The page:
Faron Young, who is today one of the more underestimated country singers of his generation despite his long career and many hit records, was a hard man for even his friends to peg. That is because, as so aptly described by Diane Diekman in her Faron Young biography, Live Fast, Love Hard: The Faron Young Story, he was a man of strong contradictions.
Faron Young was one of the nicest men in the world but he was one very mean drunk and no one wanted to be around him when he was drinking heavily (and that was much of the time). He was extremely generous to those who had less then him (often they were songwriters on the way up, such as Willie Nelson) and were in need of a few hundred dollars to tide them over, but was known to refuse his road band the extra five dollars a day that would have made all the difference in the world to them. He loved his children and considered himself to be a good family man but he made it a point to speak of his youngest daughter as his “only little girl” and never publicly acknowledged the other daughter he had out of wedlock or how terrible his relationship with his oldest sons really was. Faron could curse like a sailor, and he usually did, but would behave respectably around the wives of his band members. He had lots of longtime friends and he had lots of longtime enemies. He was an astute businessman who made some terrible business decisions that cost him a whole lot of money.
All of these contradictions, taken as a whole, are probably why so many people explained their toleration for Young’s behavior by saying, “That’s just Faron.” Connie Smith used those words to explain how someone with her temperament could endure working on the road with the fast-living Faron Young. And even Jean Shepard, as brash as she sometimes appears to be, finally refused to go on the road with him any longer.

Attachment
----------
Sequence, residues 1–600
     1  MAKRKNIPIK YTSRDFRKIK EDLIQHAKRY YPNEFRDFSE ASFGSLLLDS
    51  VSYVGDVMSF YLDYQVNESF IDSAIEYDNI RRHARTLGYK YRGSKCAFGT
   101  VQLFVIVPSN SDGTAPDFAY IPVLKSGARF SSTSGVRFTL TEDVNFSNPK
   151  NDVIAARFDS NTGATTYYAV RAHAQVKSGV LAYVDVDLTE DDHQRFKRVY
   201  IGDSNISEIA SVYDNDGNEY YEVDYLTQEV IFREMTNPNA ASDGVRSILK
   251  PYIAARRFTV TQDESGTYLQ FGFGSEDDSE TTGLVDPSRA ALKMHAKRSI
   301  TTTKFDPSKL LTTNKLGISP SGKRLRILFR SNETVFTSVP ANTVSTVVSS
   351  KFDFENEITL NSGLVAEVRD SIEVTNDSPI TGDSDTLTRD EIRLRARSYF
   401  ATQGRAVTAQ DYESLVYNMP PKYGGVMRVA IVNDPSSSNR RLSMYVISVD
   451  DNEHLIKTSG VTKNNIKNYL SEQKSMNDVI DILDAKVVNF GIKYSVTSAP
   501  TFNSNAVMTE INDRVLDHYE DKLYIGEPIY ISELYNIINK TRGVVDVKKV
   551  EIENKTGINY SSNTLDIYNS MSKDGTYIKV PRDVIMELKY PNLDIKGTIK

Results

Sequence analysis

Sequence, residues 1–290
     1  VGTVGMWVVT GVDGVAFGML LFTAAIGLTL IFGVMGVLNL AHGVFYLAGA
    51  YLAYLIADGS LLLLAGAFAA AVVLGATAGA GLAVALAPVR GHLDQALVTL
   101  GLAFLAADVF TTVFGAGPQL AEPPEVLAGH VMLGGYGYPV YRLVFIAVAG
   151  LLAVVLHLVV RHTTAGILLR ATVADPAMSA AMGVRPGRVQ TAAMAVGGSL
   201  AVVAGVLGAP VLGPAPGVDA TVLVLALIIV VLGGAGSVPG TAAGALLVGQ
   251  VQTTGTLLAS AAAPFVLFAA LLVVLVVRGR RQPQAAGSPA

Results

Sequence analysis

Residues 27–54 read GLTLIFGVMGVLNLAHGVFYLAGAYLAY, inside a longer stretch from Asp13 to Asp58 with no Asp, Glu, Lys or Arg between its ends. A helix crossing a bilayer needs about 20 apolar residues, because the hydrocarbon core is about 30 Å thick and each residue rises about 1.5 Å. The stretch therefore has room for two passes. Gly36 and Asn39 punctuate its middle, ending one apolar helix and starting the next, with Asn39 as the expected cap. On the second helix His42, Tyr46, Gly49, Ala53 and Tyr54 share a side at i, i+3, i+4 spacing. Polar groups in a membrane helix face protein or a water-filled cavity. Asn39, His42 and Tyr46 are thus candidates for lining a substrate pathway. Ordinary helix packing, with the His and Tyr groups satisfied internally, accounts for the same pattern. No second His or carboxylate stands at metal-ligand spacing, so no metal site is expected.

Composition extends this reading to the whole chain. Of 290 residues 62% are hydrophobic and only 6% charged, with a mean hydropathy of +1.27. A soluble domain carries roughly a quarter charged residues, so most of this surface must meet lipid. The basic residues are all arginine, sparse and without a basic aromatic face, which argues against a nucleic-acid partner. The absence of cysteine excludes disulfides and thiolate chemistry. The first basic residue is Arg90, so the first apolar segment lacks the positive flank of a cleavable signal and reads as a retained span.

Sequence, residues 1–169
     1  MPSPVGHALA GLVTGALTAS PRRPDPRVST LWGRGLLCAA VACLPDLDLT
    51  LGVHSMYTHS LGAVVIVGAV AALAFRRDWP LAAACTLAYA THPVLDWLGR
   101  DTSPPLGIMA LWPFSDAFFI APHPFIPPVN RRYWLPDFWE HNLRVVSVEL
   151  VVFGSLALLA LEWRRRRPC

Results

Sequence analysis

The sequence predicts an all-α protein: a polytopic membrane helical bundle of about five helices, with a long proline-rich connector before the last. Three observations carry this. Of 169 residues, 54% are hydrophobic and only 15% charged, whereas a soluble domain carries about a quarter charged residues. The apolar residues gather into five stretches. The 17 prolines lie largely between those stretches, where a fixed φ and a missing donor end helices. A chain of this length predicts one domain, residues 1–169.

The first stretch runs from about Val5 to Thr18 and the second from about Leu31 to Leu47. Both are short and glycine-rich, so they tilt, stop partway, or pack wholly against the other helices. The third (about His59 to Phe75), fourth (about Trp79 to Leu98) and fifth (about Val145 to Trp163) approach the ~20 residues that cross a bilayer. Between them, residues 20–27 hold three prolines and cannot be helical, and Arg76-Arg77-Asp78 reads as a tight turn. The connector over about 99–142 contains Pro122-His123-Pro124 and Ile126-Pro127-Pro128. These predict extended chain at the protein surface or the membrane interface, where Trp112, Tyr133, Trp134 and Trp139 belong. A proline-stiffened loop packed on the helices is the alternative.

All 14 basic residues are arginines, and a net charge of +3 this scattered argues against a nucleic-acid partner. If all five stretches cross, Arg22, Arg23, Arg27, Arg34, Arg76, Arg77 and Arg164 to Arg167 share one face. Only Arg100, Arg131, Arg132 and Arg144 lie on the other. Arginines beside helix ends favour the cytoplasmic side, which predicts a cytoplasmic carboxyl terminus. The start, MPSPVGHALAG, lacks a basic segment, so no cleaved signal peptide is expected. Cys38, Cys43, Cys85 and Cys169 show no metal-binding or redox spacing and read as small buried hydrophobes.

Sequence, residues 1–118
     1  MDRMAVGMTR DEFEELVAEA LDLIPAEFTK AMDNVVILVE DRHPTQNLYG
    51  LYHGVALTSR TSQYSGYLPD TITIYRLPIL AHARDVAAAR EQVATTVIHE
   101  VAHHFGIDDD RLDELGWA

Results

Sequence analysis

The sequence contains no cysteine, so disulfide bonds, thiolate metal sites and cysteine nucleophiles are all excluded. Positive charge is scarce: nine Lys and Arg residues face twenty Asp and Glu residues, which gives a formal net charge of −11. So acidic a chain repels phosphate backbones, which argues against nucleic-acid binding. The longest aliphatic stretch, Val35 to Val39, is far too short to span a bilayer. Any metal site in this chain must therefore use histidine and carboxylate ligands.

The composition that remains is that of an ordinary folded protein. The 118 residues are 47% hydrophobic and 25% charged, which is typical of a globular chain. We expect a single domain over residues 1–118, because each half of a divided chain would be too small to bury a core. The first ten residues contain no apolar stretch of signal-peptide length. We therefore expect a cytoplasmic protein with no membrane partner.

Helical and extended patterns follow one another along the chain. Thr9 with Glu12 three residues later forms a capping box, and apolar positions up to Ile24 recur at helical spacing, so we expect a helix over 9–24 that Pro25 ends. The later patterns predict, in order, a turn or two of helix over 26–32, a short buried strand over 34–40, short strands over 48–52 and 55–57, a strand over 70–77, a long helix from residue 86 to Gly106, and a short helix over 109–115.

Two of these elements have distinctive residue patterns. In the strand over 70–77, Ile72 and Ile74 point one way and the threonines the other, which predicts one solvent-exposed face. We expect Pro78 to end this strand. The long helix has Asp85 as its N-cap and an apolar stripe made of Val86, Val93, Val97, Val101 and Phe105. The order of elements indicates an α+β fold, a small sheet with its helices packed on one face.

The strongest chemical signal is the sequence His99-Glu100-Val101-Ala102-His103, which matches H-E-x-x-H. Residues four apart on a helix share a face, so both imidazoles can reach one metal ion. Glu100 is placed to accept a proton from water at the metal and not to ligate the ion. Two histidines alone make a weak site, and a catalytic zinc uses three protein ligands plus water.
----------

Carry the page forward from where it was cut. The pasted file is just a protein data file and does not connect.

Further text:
Longtime Faron Young fans who witnessed him in his prime will probably still find some surprises in, or have their memories nudged by, Diane Diekman’s well-researched and detailed biography. She reminds us that Faron was founder of the influential Music City News and reveals just how much personal money he put into the newspaper in order to keep it afloat long enough for it to pay its own way. Her readers also learn that he would have had more hit records, and number ones, if he had not refused to let his label use payola to move his records up the charts the way record labels bought higher chart positions for so many other singers.
And that is just the beginning of what is packed into Live Fast, Love Hard. The book covers the childhood that may explain Faron’s own cold approach to fatherhood, the national, though bogus, scandals that damaged his career, his failed marriage, and his tragic death at his own hand. About the only thing missing is a comprehensive discography of Faron’s recordings, although the book does mention most, if not all, of his record albums and notes which ones include his biggest hits.
So this is a book both for those who are already fans of Faron Young’s great voice and for those to whom he is hardly more than a name from country music’s past. Put a copy of “Wine Me Up” on the turntable, grab a cold one, prop your boots up on the foot stool, and enjoy this book. If you’re not already a Faron Young fan, you probably will be by the time you finish Live Fast, Love Hard.
Rated at: 4.5